Jewish Journal

A Flame of Remembrance

This Sunday, as the Los Angeles Holocaust Monument's outspoken creator Jona Goldrich says, 'We must never forget!'

by Michael Aushenker

Posted on Apr. 27, 2000 at 8:00 pm

This Sunday marks the eighth year that the Los Angeles Holocaust Monument in Pan Pacific Park will serve as the local centerpiece of the annual Worldwide Holocaust Memorial Day, in memory of the 6 million Jews who were murdered in Europe at the hands of the Nazi regime. Hosted this year by the Los Angeles Holocaust Memorial Monument Fund, The Jewish Federation of Greater Los Angeles and Second Generation, the Yom HaShoah gathering is expected to attract more than 2,500 people.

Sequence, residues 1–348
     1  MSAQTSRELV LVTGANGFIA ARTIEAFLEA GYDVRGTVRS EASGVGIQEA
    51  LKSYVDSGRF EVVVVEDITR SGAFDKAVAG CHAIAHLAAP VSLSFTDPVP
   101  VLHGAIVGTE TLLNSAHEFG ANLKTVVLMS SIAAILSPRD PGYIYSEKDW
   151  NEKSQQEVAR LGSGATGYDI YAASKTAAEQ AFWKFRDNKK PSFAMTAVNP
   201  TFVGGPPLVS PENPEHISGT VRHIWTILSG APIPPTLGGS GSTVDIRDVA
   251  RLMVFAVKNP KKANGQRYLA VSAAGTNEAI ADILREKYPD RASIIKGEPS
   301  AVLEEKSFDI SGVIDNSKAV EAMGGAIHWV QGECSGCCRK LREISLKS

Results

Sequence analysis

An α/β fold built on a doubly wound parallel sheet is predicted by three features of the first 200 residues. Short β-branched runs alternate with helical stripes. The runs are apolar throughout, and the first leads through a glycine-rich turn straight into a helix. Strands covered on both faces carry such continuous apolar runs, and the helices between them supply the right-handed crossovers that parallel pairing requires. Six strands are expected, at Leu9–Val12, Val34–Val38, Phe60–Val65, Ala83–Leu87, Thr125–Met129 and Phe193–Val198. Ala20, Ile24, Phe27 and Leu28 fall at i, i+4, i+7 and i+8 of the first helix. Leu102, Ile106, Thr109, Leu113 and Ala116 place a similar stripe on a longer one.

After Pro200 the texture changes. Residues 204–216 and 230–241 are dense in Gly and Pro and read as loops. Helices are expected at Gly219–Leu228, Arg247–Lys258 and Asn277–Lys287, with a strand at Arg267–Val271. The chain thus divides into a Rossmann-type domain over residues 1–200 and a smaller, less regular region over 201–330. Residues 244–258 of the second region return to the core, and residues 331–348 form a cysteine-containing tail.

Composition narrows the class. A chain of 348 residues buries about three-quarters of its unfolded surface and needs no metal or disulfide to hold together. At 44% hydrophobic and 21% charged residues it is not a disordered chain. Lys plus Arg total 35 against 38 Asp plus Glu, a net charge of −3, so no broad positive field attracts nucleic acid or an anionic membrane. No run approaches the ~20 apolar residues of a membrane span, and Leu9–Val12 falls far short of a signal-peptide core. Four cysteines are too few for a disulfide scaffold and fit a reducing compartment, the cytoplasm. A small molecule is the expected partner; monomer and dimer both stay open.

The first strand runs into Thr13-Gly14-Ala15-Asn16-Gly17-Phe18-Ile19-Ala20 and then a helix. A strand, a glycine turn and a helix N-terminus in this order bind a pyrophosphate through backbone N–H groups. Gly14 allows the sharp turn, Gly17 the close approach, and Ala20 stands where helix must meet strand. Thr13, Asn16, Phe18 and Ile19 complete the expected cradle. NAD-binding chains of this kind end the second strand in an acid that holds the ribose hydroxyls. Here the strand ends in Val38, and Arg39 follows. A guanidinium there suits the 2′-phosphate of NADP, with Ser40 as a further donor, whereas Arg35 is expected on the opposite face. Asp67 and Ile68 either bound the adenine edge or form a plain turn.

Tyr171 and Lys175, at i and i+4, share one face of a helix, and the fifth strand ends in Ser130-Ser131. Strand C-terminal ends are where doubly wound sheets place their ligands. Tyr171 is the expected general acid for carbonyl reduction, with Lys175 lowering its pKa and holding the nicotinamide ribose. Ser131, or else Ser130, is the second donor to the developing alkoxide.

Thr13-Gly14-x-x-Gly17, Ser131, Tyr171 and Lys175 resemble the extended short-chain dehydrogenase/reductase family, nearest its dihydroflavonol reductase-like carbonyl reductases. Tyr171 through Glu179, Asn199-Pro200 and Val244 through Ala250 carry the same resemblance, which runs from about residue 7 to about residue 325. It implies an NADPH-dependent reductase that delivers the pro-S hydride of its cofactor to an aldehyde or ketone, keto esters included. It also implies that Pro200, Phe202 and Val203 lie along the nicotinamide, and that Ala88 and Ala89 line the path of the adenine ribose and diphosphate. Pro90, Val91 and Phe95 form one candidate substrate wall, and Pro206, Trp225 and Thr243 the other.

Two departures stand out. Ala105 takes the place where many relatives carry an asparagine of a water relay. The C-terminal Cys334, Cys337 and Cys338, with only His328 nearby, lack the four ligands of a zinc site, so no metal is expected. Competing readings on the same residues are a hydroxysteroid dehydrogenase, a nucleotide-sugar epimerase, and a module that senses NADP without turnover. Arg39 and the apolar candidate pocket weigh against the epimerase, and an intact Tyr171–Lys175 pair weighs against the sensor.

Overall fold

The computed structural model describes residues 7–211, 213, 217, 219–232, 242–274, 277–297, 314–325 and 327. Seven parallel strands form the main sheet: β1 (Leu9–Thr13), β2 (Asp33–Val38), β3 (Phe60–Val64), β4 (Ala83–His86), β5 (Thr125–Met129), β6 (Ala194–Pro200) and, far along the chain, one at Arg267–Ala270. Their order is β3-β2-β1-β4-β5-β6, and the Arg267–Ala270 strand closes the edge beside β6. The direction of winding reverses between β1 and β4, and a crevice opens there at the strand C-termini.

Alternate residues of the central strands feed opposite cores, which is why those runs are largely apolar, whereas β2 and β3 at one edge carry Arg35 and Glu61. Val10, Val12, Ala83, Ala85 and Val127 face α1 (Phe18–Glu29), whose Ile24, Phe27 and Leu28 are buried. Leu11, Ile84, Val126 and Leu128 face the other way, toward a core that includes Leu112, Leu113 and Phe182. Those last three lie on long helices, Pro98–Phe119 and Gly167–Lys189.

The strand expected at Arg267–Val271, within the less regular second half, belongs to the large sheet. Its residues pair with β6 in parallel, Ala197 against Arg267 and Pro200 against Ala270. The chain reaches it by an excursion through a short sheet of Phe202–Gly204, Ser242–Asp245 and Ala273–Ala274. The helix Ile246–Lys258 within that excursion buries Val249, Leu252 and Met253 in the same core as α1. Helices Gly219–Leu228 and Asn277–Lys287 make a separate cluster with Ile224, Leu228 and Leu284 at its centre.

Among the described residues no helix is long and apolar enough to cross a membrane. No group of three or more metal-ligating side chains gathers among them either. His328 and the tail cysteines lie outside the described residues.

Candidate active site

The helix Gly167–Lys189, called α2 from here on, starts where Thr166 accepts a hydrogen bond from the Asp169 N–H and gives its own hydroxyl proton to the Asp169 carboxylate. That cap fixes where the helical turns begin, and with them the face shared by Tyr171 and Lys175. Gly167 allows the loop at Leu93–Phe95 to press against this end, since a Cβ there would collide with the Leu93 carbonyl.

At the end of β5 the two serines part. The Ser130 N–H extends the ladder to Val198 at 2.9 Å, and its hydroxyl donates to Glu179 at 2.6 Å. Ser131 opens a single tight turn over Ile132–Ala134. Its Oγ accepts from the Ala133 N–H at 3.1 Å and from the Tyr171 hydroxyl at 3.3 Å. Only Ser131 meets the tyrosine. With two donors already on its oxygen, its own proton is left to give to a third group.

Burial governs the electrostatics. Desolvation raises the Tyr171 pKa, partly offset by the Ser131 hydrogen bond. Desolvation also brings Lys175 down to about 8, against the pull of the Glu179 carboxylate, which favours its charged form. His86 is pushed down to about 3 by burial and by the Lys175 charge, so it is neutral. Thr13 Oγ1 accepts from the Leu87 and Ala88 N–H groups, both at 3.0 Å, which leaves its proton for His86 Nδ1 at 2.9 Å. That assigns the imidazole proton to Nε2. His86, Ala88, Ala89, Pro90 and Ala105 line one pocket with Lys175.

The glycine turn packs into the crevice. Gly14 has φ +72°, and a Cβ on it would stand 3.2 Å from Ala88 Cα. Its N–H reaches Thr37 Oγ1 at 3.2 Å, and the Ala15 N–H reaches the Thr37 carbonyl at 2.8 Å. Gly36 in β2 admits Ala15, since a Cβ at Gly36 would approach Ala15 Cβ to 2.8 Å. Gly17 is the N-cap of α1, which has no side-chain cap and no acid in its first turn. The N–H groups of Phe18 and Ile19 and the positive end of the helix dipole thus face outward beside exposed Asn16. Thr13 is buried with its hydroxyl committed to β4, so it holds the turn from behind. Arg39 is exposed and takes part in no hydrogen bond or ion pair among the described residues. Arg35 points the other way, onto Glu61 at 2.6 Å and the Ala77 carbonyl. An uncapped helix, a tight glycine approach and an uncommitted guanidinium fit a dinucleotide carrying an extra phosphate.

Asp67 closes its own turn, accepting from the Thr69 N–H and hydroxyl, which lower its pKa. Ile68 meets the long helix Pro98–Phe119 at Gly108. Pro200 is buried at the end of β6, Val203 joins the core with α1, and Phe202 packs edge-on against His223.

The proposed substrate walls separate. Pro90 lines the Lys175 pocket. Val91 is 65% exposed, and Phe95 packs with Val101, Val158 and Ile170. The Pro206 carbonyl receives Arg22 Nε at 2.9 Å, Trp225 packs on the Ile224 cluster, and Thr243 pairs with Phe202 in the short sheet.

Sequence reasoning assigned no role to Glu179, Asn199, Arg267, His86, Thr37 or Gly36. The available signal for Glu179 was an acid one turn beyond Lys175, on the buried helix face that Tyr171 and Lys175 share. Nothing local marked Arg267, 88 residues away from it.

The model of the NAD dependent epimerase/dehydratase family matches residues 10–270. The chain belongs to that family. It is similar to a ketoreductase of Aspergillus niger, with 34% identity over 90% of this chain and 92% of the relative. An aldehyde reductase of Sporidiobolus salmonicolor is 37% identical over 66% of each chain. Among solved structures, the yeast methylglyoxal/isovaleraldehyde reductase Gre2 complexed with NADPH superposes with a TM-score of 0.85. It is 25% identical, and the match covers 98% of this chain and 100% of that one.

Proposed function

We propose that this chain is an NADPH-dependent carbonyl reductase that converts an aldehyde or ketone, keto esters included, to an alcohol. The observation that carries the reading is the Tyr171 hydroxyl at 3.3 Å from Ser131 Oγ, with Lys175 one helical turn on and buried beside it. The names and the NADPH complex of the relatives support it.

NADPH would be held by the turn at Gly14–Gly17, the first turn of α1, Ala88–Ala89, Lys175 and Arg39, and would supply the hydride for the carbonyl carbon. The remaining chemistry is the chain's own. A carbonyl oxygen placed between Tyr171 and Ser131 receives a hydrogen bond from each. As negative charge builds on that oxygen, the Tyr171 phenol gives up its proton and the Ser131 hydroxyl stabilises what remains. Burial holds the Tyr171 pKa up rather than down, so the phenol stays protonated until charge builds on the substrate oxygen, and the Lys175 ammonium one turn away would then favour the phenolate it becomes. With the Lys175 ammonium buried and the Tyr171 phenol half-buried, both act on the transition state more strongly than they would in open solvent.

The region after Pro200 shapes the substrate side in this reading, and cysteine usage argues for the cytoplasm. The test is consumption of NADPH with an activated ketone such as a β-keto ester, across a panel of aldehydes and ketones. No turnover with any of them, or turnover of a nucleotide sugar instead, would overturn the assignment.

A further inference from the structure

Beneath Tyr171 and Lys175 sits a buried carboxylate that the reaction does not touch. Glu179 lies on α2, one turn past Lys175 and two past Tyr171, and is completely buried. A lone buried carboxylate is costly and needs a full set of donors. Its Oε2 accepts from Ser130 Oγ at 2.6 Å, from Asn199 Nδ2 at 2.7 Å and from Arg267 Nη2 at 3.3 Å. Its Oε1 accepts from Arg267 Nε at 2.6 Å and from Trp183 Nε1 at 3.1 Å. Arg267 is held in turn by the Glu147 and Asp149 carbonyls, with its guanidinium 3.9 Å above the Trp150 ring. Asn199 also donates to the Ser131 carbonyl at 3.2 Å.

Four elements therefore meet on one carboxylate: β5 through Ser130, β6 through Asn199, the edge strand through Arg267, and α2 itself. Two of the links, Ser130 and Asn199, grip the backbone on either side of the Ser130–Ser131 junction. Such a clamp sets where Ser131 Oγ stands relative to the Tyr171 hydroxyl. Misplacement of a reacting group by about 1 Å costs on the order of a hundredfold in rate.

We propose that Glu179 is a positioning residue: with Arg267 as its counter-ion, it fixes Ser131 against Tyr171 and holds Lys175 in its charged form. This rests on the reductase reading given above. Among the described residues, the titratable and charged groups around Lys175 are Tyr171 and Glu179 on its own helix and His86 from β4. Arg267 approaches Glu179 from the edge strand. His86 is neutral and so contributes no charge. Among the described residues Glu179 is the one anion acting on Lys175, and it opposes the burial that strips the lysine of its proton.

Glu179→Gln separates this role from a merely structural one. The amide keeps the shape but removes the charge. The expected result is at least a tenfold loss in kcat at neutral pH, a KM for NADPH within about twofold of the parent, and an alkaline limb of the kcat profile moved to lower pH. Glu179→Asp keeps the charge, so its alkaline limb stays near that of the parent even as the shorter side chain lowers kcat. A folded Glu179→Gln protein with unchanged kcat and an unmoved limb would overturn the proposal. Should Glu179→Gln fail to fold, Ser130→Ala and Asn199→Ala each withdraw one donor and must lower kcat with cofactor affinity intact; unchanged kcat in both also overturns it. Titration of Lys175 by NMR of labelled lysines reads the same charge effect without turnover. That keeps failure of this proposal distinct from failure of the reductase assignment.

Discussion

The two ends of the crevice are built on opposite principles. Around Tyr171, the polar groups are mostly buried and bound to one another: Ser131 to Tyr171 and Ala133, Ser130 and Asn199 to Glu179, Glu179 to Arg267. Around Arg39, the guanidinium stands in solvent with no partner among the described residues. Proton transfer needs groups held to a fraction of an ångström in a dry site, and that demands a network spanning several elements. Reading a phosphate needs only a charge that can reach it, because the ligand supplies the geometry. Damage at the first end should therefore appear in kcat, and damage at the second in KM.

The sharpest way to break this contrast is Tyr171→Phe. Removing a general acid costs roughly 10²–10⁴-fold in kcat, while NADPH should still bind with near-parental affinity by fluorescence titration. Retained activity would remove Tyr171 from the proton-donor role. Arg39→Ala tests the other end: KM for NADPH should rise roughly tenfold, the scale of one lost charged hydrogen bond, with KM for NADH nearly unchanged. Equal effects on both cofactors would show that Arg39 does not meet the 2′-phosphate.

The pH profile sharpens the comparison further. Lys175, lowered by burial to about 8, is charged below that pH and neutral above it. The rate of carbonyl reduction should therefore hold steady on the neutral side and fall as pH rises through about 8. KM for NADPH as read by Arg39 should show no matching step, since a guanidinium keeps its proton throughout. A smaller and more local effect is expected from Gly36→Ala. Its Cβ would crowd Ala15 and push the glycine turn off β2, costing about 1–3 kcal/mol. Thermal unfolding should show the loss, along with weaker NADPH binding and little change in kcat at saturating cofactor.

Sunday's program will feature two hours of prayer, lecture and singing. Among those scheduled to appear will be keynote speaker Gov. Gray Davis and former Secretary of State Jeane Kirkpatrick. On Tuesday, May 2, students from Los Angeles middle and high schools will visit the monument; actor Elliott Gould is set to appear at that event.

But Jona Goldrich, the monument fund's director and campaign chairman, insists that "any time is a good time to bring your children. It's in the park, it's pleasant. You always learn something new when you walk through the monument."

After all, if it weren't for Goldrich, the Fairfax area's $3 million Holocaust monument never would have happened. And for the prominent real estate developer, a tribute to the murdered 6 million had to happen.

"I wanted to have a monument in a public place where, in 15 minutes, if you read what happens from 1933 to 1945, you get an idea of the Holocaust," Goldrich told The Journal. "Someday there'll be no more survivors like me for people to be interested in or to learn of what happened in the Holocaust."